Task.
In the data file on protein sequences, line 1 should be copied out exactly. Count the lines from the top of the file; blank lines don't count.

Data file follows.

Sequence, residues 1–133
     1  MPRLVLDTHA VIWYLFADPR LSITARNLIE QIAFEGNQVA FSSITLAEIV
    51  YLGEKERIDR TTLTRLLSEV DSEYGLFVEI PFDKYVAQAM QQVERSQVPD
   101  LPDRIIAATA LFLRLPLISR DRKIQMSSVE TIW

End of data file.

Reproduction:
Sequence, residues 1–133